Characterization of Formaldehyde Emission and Combustion Properties of Peanut (Arachis Hypogaea) Husk-Based Green Composite Panels for Building Applications
Research subject and fields:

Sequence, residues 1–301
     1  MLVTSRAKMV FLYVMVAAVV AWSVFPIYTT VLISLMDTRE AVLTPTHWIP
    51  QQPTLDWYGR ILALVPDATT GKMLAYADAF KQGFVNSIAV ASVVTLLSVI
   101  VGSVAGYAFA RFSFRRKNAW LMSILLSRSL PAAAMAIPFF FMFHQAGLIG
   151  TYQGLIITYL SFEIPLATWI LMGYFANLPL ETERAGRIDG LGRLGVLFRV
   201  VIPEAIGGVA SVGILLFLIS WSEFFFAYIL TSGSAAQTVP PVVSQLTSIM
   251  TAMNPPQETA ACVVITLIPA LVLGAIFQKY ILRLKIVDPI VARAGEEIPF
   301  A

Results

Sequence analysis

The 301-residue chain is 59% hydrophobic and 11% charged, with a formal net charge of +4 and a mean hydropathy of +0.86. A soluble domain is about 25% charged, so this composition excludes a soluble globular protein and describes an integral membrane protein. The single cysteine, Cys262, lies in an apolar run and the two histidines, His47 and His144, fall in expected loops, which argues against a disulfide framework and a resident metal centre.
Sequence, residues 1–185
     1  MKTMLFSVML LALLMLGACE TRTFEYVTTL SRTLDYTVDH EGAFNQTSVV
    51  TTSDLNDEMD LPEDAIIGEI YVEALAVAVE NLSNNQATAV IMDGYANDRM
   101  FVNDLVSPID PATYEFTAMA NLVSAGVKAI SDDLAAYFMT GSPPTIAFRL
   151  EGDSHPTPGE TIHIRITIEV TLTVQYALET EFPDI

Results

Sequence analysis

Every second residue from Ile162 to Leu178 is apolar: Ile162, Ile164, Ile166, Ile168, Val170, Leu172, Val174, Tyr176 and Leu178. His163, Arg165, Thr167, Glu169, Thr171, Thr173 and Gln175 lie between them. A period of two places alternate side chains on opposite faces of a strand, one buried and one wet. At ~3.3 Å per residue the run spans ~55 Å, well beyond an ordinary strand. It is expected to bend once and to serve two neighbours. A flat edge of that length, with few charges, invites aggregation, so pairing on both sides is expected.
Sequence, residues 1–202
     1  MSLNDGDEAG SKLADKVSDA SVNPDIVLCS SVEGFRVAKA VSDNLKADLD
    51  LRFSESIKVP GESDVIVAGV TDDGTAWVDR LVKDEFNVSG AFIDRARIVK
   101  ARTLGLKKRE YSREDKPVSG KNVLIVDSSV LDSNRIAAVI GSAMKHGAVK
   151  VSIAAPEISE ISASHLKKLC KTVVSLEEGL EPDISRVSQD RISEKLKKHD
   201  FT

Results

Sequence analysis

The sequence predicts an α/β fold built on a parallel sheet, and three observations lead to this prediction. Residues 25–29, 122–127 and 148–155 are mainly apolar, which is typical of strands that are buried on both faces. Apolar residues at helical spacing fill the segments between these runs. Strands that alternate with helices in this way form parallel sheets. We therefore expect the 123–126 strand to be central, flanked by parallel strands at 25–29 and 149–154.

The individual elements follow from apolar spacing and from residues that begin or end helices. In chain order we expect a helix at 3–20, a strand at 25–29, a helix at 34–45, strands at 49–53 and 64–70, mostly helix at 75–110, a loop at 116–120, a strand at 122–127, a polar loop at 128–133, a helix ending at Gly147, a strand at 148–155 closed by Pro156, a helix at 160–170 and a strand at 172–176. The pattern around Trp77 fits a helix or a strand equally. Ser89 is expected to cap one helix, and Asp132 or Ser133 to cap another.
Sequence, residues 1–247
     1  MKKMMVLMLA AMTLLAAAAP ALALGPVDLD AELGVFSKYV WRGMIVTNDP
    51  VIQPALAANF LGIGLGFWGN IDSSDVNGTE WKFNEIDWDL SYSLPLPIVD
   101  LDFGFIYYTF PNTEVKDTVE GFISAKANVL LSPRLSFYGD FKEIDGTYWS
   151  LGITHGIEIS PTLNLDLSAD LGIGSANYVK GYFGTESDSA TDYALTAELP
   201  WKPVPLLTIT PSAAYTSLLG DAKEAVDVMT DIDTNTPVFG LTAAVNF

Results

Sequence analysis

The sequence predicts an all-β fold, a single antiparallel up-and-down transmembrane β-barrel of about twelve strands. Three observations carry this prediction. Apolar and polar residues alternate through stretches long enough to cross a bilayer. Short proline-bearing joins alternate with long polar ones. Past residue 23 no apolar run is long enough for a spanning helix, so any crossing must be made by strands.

The building sectors are increasingly in need of more wood-based panels. Forests and environments are being destroyed to produce these wood-based panels. The aim of this study is to protect forest assets by recycling peanut (Arachis hypogaea) husk and manufacturing particleboard for green building design. The manufactured composite panels were subjected to combustion and formaldehyde tests. According to the test results, peanut husk reduced the combustion time and increased the combustion temperature. Phenol-formaldehyde adhesive decreased illuminance values and the peanut husk ratio increased the illuminance values. It was understood that, when the peanut husk additive ratio increased, combustion times decreased. Slow-combustion of green building composite panels delays the danger of collapse in case of a fire in a building. The combustion performance of the composite panels can be improved by adding non-combustible materials that do not affect the adhesion performance of the composite panels. When the adhesive type is taken into consideration, it is seen that the FF additive ratio reduces the combustion time. According to the formaldehyde emission test results, 24 hours after the manufacturing process all composite panels met the requirements of the board formaldehyde class E1. These composite panels can be used in green buildings as a sustainable building material. The furniture industry can also use these agro-fiber composite panels as green materials.